• Carri

    I am so glad my friend Jenny brought me back to the market last week on my visit to C-town, I was again trying not to hyper-ventilate as I walked through, my senses being assaulted by all the amazing choices. It is a magical place…No, toto we are not in Alaska any more! What a great visit, as always, Cleveland did not fail to entertain and impress!

  • Dave Polak

    Thanks for the nice tribute to one of Cleveland’s gems. My grandfather shopped there, my dad still shops there, and I’ve been going there since I was a kid. That is true about Pinzone’s, who has been our pork and beef vendor for ever, Tony is always there. I don’t think I could live in a city without something like the West Side Market. That is part of the reason I’m still here.

  • Dave

    Loved this entry and the tribute. Michael, I don’t want to take away from the celebration of Cleveland’s West Side Market, but reading this reminded me of Toronto’s market. They sound so similar. Have you ever been to Toronto and their downtown City Market? I lived there in 1996-2000. Not sure how it’s doing now but it was amazing then.

  • allen

    My only exposure to Ohio was a landing at Wright Patterson AFB, just enough time to have a smoke. It was 1990 during Desert Storm, one of many trips across the pond, and I recall it was so windy, all the smokers were desperately trying to get there fix before getting back on the plane, cupping there hands and cussing, while I casually walked up with one of those wind proof lighters and lit my smoke with one hand.
    The look of amazement and desperation as they all franticly borrowed my lighter, quickly passing it back and forth while I enjoyed my smoke.

    And one tough guy kid in my boot camp from Cleveland, who told me how to hold a knife for a knife fight. Something he learned from the Puerto Ricans from some side of Cleveland, not sure which side as it was so long ago, and that was a skill that I have never used in the last 30 years and does me no good when I slice my finger on a cutting board, and I am the opposite of tough guy. Marshmallow guy is more like it.

    That Iron chef Symon is always at that market on his show, Symon’s Suppers. I get a kick out of him, after a cut from a commercial, peeling one half a shallot and throwing it into a massive bowl of shallots already peeled, stating: “Im just finishing up peeling my shallots”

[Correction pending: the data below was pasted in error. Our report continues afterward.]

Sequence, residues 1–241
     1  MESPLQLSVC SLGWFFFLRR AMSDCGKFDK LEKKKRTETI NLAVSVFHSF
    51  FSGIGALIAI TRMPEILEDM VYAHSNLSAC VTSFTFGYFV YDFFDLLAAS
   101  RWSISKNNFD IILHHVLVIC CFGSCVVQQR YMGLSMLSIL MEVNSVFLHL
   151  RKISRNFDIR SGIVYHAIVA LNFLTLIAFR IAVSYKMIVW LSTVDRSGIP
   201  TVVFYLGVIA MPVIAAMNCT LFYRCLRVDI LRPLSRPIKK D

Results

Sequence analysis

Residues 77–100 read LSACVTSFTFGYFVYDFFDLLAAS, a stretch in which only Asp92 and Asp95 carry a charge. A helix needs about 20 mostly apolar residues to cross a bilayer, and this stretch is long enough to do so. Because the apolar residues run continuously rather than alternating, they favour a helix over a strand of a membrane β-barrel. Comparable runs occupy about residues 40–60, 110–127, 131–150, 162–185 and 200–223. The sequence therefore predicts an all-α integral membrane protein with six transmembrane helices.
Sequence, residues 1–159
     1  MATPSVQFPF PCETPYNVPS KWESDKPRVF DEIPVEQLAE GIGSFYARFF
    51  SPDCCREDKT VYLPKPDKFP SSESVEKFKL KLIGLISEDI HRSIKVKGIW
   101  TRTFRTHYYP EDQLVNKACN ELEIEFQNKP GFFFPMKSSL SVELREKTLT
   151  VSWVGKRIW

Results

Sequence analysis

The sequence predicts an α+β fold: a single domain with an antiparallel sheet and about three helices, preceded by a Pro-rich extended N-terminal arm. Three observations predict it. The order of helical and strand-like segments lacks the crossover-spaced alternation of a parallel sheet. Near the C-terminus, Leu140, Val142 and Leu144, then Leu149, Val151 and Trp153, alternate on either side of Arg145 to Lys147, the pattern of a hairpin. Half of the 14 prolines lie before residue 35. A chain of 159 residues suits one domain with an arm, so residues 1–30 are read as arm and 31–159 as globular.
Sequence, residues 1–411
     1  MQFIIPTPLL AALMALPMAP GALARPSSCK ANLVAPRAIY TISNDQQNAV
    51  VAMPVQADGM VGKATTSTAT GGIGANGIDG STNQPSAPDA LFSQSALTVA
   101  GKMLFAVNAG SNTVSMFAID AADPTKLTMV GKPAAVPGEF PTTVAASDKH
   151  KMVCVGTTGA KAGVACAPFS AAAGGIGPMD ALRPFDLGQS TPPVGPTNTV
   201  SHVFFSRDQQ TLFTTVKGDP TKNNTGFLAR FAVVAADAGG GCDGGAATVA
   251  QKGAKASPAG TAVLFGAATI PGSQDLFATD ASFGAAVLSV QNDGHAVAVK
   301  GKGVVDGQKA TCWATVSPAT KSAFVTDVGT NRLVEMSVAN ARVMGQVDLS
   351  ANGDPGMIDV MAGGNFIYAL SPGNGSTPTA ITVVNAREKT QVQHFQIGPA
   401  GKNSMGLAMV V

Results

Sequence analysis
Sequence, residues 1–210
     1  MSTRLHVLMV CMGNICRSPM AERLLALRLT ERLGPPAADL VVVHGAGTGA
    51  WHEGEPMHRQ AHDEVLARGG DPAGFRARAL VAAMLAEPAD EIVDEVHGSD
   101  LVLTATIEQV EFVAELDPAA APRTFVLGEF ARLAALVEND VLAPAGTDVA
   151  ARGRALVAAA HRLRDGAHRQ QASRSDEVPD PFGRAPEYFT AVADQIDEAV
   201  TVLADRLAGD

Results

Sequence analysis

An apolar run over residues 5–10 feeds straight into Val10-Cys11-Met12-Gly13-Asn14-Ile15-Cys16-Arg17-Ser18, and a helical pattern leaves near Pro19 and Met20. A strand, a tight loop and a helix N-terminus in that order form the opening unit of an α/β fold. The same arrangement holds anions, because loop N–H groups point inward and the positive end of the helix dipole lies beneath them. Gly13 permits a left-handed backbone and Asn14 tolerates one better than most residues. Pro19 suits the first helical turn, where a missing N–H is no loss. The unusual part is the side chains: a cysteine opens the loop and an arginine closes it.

That is some Foodnetwork BS!
    I peel one shallot and it takes me forever to peel that pesky skin off, I use them in a dish they will stand out in, but not in a pot roast. I love that show and he’s a great chef, his dad worked graveyard, and his books are great, but any normal chef would use an onion. Doesn’t even have to be red. If you want it sweeter, use something sweet, sugar or honey! The roast he made looked fantastic, and he made a great giardiniara sauce. And a friggin Negroni!
    Speaking of Negroni’s it’s FRIDAY!

    Sorry about the rant, you both make Cleveland look very appealing, I think I could live there, the access to both NY and Chicago, easy drive to farm country, that great bar and that market. I would love to visit that market.

  • allen

    Post limocello:
    that fckn mrkt, I wld luv 2 visit that market, & that bar! Goddam limonfriggincello!
    Fubar! Google that shit mofo’s! Fubar! Yup!

  • Cheryl

    I’m blessed enough to shop at this market almost every Saturday morning. That’s Joe, Tom & John Boutros on the cover, 3 of my favorite produce guys! To have so many choices and to walk up and down, talking to owners/vendors who know me by name, who will go that extra mile for me to make me look good to my clients is priceless to me. While I cannot partake of tonight’s festivities, I can and will continue to celebrate the market by simply shopping there and supporting the vendors I love like family. Just one more reason to be so proud of the city I love. Thanks for another great article Michael.

  • Debbie Q

    That is one of our favorite places to spend a Saturday morning. We load up on Ohio City Pasta, visit “Fritter Mountain” and have lunch at Steve’s Gyros as well as buying all sorts of other marvelous meat products.